Swedish house prices rising faster than anywhere in the EU

Despite being the third largest country in the European Union by area, the total population of Sweden is just 9.8 million, making for an average population density of just 21 citizens per square kilometre. Inhabitants tend to be concentrated in southern, urban, areas meaning that despite an abundance of space elsewhere, properties in Sweden are highly sought after. Consequently, Swedish property prices have seen the biggest increases of anywhere in the EU. So, if you’re an expat moving from Britain, is buying property in Sweden the smart choice for expats or is it preferable to rent instead?
The vast unspoiled landscape and large, dense, forests of Sweden make it a highly desirable location for expats who love the great outdoors. Hiking, cycling and even skiing are deeply ingrained in Swedish culture and the climate and geography provide the perfect backdrop for such adventurous activities. Despite its northern latitude – approximately 15% of Sweden lies north of the Arctic Circle – the climate is quite similar to that of the UK. In summer, temperatures can reach 25 °C (77 °F) in southern areas and in winter temperatures range between −4°C and 2 °C (25°C to 36 °F). However, in the northernmost regions, temperatures can get much colder.
With most inhabitants keen to stick to the temperate southern regions, demand for properties in these areas is high. On average, house prices rose by 2.9% in the Euro area and 3.8% in the European Union in 2015 according to Eurostat, the statistical office of the European Union. Sweden, however, saw significantly greater rises, with average property prices being 14.2% greater in Q4 of 2015 compared to Q4 of 2014. Hungary, the second highest rated country for house price inflation during this period, saw prices rise by 10.3%. In third place was the United Kingdom, where prices rose by an average of 7.1% during this period.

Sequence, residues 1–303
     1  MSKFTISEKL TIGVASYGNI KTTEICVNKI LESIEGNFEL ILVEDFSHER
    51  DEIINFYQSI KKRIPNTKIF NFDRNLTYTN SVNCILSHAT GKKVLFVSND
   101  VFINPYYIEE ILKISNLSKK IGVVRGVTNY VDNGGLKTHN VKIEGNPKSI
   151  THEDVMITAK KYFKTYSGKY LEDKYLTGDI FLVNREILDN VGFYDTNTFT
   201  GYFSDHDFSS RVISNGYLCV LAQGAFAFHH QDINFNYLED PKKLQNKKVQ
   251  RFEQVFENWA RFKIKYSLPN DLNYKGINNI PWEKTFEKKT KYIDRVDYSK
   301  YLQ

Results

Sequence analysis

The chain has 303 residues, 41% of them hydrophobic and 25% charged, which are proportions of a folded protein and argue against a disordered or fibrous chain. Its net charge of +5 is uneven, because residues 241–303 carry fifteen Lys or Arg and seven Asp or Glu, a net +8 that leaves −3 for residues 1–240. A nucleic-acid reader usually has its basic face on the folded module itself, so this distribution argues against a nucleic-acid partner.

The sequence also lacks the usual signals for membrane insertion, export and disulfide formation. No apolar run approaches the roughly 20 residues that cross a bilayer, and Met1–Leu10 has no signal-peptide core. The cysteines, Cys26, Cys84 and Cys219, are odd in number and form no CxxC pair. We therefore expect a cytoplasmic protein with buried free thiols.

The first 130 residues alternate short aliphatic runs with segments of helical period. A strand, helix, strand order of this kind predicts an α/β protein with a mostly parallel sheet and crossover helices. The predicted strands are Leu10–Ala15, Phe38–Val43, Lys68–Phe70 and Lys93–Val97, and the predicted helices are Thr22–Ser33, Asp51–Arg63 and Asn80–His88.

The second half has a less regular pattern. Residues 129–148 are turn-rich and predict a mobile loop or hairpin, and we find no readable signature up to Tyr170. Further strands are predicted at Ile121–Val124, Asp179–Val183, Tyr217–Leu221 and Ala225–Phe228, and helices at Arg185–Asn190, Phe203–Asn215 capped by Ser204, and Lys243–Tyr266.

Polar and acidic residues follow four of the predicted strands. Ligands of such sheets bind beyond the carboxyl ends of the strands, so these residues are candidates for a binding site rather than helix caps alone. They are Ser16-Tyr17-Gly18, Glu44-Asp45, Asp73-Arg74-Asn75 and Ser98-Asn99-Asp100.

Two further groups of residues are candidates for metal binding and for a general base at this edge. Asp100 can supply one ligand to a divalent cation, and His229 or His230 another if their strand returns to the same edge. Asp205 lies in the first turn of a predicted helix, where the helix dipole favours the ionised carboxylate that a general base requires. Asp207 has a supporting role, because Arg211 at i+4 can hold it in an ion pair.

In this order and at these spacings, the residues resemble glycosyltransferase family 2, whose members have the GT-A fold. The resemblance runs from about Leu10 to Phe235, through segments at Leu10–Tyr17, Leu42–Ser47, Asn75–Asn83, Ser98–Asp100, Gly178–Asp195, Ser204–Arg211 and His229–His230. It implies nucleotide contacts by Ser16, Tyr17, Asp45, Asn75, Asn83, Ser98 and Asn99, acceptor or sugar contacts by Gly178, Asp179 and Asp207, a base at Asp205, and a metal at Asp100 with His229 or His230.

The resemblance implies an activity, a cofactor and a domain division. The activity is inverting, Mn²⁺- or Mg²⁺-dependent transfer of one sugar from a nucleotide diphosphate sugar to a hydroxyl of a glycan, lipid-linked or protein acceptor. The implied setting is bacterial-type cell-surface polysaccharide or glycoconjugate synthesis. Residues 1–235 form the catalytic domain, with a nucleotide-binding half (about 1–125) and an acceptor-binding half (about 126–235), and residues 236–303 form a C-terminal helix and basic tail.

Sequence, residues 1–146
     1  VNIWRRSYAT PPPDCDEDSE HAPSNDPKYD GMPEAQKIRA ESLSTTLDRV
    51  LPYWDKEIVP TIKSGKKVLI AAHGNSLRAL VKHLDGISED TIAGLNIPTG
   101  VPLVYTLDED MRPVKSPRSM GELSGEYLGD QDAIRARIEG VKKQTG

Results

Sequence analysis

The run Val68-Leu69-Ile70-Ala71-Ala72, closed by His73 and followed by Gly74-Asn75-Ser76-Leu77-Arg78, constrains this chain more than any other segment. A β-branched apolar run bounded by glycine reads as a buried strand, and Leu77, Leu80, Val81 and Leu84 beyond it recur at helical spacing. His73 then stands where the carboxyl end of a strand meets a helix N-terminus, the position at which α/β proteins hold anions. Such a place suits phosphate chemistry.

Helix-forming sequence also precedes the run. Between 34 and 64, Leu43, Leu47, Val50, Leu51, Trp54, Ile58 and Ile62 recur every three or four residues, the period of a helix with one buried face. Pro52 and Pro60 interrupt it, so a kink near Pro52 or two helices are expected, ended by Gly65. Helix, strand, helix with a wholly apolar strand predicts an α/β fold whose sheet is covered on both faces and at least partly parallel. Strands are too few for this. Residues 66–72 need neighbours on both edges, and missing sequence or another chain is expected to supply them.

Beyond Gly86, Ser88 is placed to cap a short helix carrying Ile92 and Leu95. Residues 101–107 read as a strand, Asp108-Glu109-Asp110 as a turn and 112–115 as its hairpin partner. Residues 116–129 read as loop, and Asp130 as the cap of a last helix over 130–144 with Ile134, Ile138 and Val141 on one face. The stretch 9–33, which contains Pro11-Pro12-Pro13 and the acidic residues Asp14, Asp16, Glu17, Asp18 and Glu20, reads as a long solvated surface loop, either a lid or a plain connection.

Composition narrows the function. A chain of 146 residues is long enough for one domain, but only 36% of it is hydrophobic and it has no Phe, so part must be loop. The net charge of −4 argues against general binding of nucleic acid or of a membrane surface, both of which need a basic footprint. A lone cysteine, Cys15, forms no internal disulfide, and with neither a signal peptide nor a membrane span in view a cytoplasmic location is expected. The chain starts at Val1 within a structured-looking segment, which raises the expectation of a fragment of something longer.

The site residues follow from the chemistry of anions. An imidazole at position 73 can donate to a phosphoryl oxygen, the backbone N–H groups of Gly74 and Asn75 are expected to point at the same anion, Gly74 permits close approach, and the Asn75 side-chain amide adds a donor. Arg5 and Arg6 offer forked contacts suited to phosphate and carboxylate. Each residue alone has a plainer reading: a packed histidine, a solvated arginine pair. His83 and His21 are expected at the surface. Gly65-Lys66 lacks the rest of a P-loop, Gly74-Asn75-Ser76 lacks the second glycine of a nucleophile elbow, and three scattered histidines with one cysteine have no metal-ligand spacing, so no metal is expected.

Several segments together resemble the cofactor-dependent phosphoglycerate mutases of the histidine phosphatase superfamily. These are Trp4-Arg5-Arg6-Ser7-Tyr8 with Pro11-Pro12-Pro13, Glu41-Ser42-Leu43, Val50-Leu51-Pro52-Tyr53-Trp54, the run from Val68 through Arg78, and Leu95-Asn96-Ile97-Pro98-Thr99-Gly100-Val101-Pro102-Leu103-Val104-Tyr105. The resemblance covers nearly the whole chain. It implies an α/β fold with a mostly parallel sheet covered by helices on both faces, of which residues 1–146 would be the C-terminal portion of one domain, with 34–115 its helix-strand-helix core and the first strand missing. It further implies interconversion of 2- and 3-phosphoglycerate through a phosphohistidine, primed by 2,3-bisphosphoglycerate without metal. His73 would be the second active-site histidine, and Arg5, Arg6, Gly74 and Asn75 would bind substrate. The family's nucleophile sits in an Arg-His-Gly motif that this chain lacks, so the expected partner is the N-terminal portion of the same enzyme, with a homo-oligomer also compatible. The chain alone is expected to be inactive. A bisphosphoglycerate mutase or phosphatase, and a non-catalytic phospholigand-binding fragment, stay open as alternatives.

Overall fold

In the centre of Stockholm, apartments now average 86,415.62 kr (£7,391) per square metre to buy. Apartments outside the centre are far more affordable though, with apartments selling for an average of 50,696.18 kr (£4,335) per square metre. This is still significantly less expensive than London, for example, where apartments in the centre and outside the centre average £18,319 per square metre and £8780 per square metre respectively.
Swedish households are among the most indebted of anywhere in Europe, with the average mortgage holder having a debt worth 366% of their annual income. In response to concerns about mortgage debt and house price inflation in Sweden, the government is introducing laws to limit mortgage loans to a maximum term of 105 years. Yet despite these measures and predictions that the housing market would cool off in 2016, prices in this Scandinavian country are still on the rise.
Sweden is a country with a lot to offer expats: beautiful landscapes, a favourable work-life balance, and the best location for family life according to the HSBC Expat Explorer survey. If that wasn’t enough though, expats who buy property in Sweden could well expect an additional benefit: further increases in the value of their properties.
If you are planning to move to Sweden from London – for work, with family, temporary or permanent – Cadogan Tate will help you every step of the way. From your first enquiry to when you’re settled in at your new home, we are here to help and advise you. Find out more about our specialist international removals services from London.
Information correct at time of publication.